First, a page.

'I would now like to devote a few paragraphs to pointing out some methods by which the horn loudspeaker driver of FIGURE 4 using my opposed magnets motor design might be finished and assembled using ordinary factory tools and machines. The first step would be the casting of the body parts 5 and 7 (shown in FIGURE 4). The material used in this casting could be Bakelite or Castolite. The brass jackets around bolts 4 and 11, the threaded brass sockets of bolts 11 and 2, the sound channels 19 and projections 20, and the magnets 12 and 13 are all embedded into the two body parts at the time of the casting. The sound channels 19 and projections 20 can either be formed from suitable cores in the casting molds for the body parts or formed by brass, sheet metal inserts (with the sides that are to adhere to the casting material roughened). The casting material of the two body part castings should more than just cover the pole surfaces of magnets 12 and 13. The casting should then be cured (this is usually done by heat treatment in the case of plastics) so that dimensional stability of the casting is insured. The material covering the pole faces of the magnets 12 and 13 can now be turned or ground away to within about a sixteenth of an inch of these pole faces. The body parts 5 and 7 are then placed upon a grinding machine similiar to that used by optical companies to turn out optical flats, and by using increasingly finer grades of abrasive, a flat, polished surface consisting of the magnetjpole faces and the surrounding casting materialis obtained. The opposite flat surface of each of the body parts can then be ground and polished. Each of the body parts is now mounted on an engine lathe and lined up in the jaws of a chuck so that the grooves 27 and the threaded channels for the rings 14 and the pressure bar rings 15 can be turned out. Some space between the poles of magnet 12 can also be turned out at this time. The rings 14 and 15 are now threaded on another engine lathe and screwed tightly into their channels on the body parts with a spanner wrench. These rings are then turned down to the desired shape and size, always turning the rings in the opposite direction to that in which they were screwed into the body parts so they arent loosened but tightened further. The points of rings 14 and the corners of rings 15 should now be smoothed by burnishing them so they wont tear the diaphragm. One way of making the coil is as follows. A sheet of aluminum foil is cemented to a thin, light, heat resistant, backing possessing good insulation properties such as heat resistant Bakelite; these parts correspond to parts 23 and 24 of FIGURE 3. The aluminum foil sheet is pressed down absolutely flat on the backing by putting the aluminum sheet and backing together into a press immediately after cementing them. This backing-coil assembly can then be temporarily cemented to a flat face plate and mounted on an engine lathe equipped with a cross-cutting feed. A diamond pointed cutting tool could then be used to cut out a ribbon coil of any desired width in the aluminum foil. By varying the feed speed during the cutting process, a ribbon coil of varying width (similar to that shown in FIGURE 20) could be cut out. The depth of cut must be accurately maintained so that the foil 23, but not its backing 24, is completely cut through. The backing 24 is then cemented to the diaphragm 25 (FIGURE 3) and the entire diaphragmbacking-coil assembly is put in a press and flattened out.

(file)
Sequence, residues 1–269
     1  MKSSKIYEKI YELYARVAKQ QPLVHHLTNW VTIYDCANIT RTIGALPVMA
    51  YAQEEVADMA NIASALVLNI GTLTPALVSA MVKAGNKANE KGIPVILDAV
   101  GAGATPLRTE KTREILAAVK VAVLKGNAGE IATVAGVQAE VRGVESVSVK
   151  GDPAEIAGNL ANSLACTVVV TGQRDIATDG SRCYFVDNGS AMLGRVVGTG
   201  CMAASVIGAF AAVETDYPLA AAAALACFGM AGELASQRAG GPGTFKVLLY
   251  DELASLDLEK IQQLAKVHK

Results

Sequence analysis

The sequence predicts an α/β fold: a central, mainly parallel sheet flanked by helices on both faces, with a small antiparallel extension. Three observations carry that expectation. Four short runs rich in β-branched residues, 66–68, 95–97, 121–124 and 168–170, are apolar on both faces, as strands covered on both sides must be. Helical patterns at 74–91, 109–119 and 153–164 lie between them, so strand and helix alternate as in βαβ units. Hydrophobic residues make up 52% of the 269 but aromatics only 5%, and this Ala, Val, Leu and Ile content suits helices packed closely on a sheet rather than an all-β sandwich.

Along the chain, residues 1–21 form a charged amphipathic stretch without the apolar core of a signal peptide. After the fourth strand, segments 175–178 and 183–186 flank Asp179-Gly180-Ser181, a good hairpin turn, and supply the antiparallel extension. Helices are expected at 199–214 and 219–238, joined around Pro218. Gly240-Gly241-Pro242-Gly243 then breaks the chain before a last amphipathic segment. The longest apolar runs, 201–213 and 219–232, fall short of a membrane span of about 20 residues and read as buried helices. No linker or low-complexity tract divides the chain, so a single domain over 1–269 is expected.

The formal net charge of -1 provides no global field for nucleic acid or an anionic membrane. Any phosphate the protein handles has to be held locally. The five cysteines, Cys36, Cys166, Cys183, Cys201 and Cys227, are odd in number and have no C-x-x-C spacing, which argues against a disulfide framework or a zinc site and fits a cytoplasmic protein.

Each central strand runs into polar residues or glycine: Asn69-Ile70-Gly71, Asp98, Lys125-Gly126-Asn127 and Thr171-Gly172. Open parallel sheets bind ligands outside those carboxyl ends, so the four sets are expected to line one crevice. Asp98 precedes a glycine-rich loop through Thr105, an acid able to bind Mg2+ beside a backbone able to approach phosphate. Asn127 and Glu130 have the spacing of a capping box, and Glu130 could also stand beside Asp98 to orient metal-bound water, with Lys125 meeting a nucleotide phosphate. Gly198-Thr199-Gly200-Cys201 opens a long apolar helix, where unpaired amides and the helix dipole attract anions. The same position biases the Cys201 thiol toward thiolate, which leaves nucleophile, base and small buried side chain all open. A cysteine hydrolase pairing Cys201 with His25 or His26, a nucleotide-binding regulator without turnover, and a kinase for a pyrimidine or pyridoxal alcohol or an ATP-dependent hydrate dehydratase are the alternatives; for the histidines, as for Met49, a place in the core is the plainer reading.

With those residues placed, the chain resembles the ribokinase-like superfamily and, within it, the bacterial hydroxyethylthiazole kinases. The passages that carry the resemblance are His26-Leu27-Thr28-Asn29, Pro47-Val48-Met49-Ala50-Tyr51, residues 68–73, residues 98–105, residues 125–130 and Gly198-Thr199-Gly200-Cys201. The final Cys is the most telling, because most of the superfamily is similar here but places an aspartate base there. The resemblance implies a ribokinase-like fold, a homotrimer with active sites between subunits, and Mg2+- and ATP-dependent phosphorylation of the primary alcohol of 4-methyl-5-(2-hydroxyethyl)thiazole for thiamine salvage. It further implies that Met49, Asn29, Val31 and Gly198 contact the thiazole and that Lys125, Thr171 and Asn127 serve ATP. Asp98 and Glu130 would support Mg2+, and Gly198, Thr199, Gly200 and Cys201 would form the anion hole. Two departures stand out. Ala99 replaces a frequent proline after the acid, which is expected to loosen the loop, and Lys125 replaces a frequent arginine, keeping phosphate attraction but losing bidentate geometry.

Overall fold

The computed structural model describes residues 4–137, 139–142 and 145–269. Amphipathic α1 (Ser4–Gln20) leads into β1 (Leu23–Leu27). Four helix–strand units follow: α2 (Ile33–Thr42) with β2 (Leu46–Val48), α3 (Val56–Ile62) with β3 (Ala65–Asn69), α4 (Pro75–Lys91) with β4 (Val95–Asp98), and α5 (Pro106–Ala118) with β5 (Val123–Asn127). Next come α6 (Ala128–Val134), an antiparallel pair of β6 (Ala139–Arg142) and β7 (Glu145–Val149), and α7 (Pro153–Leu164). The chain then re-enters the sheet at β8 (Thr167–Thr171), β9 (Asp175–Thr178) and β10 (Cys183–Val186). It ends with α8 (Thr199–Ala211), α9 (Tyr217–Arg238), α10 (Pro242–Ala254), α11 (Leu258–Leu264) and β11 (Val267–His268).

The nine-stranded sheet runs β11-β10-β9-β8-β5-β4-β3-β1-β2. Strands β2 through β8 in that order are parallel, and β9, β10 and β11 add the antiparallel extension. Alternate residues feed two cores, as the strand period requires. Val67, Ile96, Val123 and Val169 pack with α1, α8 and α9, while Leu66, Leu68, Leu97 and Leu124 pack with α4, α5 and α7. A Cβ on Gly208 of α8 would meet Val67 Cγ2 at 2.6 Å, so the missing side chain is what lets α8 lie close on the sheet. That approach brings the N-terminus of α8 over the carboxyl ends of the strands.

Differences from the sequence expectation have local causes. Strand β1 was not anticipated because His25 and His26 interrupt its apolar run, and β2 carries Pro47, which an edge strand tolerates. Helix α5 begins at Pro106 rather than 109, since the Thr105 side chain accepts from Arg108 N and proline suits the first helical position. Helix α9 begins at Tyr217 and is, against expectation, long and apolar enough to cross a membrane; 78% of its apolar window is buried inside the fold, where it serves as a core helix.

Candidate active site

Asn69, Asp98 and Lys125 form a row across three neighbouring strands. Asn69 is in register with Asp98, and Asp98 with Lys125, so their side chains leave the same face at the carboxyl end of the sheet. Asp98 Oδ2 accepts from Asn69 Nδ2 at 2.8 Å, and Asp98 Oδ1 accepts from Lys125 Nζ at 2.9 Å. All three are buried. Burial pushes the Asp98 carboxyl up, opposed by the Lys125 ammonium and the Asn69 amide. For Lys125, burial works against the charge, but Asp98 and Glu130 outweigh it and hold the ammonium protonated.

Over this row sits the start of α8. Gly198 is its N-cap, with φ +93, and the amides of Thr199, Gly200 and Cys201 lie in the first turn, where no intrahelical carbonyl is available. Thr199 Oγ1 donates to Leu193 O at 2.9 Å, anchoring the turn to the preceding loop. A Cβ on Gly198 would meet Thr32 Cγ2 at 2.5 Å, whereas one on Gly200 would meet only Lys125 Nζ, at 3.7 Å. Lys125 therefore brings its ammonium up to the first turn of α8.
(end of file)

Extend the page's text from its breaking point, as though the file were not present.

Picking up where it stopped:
The edges of the rectangular, radial sound channel slots on the surface of body part should probably be slightly smoothed by burnishing them, but only a hearing test of the completed driver can decide the value of this treatment. The soft, pure copper gaskets 6 and 17 are now cemented to body part 5 using a cement that will not mar the polished surface of the body part should the gaskets have to be removed in the future. The two body parts 5 and 7 are now bolted together with bolts 4 and 11 using a torque wrench to achieve a uniform stress on the body parts and the gaskets; the diaphragm is not placed in the driver at this time. After the cement on the gaskets 6 and 17 has hardened, the alignment of the largest pointed ring 14 with its groove 27 can be checked visually by looking through the three equally spaced peepholes 26 (previously drilled out) with an instrument similar to that a physican uses in looking into ears. The bolts 4 and 11 are loosenedcand any adjustments in alignment are made by shifting the body parts, then the bolts are retightened with the torque wrench and the alignment once again is checked. Three equally spaced holes are now drilled through body part 7, the gasket 6, and an eighth of an inch or so into body part 5. A little cement is dropped into the holes in body part 7 and the brass dowel pins 22 can then be tapped into place. The body parts are now separated, the diaphragm assembly placed on body part 7, and the leads of the coil brought through the lead channels (previously drilled out in this body part). Holes are cut in the diaphragm to accomodate the brass dowel pins 22 and the bolts 11 and 4. The alignment of the diaphragm is checked and is maintained by the dowel pins 22. The edges of the diaphragm are now cemented to body part 7 using the non-marring cement and when this cement has dried, the uncemented sides of the gaskets 6 and 17 are coated with the above-mentioned cement. The body parts 5 and 7 are now bolted together again with the torque wrench. The magnets 12 and 13 should be mangetized just before the final installation of the diaphragm assembly and the leads of the coil are attached to the terminal screws 10. This completes the assembly of the driver. For the most part, the assembly and construction of the headphone, phonograph cartridge and microphone can be made using procedures similar to those just discussed.